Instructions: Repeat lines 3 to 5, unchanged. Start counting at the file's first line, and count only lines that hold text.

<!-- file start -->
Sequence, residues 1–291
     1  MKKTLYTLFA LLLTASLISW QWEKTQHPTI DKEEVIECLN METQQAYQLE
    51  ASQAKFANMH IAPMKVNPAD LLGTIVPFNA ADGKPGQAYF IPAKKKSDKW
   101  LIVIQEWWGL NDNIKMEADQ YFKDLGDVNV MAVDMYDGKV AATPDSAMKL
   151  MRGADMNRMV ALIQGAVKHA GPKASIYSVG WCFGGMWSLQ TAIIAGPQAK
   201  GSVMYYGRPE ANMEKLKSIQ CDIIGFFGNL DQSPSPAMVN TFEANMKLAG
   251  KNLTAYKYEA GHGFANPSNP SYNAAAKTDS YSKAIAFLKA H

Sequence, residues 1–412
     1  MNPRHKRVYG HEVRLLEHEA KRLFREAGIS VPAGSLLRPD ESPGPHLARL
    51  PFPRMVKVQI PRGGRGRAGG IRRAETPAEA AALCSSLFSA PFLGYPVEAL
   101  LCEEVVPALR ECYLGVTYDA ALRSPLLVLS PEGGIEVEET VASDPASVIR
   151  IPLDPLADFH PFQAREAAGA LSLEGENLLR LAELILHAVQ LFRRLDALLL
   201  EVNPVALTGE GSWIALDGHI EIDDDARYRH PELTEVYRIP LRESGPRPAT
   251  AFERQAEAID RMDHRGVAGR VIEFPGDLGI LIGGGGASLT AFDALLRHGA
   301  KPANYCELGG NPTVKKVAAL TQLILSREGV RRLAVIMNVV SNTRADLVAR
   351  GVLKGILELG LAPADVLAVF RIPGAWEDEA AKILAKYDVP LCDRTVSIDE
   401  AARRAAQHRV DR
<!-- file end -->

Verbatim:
    51  ASQAKFANMH IAPMKVNPAD LLGTIVPFNA ADGKPGQAYF IPAKKKSDKW
   101  LIVIQEWWGL NDNIKMEADQ YFKDLGDVNV MAVDMYDGKV AATPDSAMKL
   151  MRGADMNRMV ALIQGAVKHA GPKASIYSVG WCFGGMWSLQ TAIIAGPQAK